I think it is a mistake to regard support for extension of the EU as a europhile policy – it is a policy designed to weaken the EU. In all honesty the Foreign Office has been pursuing that strategy since the 1970’s – to defeat the Franco-German-Benelux desire for deeper union. Perfidious Albion indeed.

  5. @ Ken

    “another white, middle class, ambitious showboater”

    Remind me – who’s leading the Conservative party? ;)

  6. @ Ken

    And the Liberal Democrat party? ;)

  7. @Billy………..It’s expected of us, but we have had the first woman PM, the Labour party is hardly diverse. :-)

  8. Howard – larger sample size reduces the variability of the sample, so if you were getting to much of a certain demographic just randomly through normal sample error, it would address the problem.

    What it doesn’t do is reduce any sample biases from other reasons, like non-contact bias or non-response bias (or in this case, probably just sending out emails in slightly the wrong proportions).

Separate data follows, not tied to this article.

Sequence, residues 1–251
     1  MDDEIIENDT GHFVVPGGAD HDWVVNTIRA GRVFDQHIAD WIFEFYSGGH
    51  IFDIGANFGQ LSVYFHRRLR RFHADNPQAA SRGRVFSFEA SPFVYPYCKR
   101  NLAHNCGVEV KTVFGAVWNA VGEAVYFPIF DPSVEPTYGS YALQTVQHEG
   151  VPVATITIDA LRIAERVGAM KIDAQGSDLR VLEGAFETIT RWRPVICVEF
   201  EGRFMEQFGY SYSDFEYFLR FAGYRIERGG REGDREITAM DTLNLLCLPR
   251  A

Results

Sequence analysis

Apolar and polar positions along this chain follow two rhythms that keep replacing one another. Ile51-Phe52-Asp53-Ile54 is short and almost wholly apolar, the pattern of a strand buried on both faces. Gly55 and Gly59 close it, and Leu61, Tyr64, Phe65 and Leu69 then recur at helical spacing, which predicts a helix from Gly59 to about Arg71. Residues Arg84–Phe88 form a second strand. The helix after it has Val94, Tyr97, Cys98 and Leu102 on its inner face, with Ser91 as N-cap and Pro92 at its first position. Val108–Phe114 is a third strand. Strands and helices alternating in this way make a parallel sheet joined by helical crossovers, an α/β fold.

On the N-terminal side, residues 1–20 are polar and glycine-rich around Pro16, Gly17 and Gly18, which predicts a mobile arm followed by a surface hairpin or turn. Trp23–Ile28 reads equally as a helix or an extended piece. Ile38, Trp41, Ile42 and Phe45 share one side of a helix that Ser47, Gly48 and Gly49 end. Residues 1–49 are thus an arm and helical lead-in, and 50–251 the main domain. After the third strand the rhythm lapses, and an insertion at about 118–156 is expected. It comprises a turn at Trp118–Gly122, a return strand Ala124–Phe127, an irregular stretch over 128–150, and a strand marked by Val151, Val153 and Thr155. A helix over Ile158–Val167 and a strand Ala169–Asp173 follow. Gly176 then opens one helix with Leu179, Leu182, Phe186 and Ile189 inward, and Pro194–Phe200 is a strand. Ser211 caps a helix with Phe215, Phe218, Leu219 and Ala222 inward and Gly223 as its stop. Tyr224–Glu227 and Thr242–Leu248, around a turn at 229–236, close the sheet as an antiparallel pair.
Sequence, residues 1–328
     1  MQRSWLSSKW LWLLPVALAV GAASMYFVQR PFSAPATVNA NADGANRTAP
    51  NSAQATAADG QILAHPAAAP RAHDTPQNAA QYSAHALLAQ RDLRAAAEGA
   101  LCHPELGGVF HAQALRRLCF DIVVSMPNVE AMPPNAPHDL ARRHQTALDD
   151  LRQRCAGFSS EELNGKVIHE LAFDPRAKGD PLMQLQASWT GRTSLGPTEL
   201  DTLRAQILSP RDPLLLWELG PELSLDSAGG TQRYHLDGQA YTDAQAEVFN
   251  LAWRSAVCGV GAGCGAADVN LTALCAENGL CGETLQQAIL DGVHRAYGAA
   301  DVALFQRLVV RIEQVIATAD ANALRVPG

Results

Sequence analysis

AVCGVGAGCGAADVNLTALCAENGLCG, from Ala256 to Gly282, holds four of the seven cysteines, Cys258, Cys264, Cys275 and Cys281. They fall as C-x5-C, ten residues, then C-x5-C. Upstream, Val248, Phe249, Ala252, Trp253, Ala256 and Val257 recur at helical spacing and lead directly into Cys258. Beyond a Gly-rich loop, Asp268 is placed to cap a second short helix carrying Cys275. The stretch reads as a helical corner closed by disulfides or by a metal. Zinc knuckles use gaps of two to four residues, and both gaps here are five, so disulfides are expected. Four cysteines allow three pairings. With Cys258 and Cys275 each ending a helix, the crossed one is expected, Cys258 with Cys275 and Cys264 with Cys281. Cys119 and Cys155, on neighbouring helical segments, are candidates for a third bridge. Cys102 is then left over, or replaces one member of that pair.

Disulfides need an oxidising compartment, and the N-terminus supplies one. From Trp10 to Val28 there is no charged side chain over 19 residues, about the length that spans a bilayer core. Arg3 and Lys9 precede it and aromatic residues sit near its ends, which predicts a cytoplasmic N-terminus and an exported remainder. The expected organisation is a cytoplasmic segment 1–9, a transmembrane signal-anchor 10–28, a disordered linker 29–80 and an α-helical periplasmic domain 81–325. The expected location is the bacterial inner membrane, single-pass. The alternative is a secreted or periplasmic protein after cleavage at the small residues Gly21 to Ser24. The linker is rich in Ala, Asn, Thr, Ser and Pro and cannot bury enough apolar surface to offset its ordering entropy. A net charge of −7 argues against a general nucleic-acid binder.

For example, raw phone samples tend to overrepresent Labour voters, and therefore most phone pollsters use pastvote weighting to correct the problem (which it does very well). Conducting bigger phone polls wouldn’t solve that, because it’s a systemic problem, not one caused by sample error.

    Remember that the margin of error you see quoted is based purely on sample error (and is based upon a genuine random sample, which no media polls are). It doesn’t include all the other possible reasons for error or in a poll (or things like stratification of the sample which would reduce sample error).

  9. Ken – I have deleted several comments from you. The comment policy here is for non-partisan discussion, not criticising political parties or picking arguments with people with different political viewpoints.

  10. @Anthony……….Thanks for the steer. :-)

  11. @JOHNTY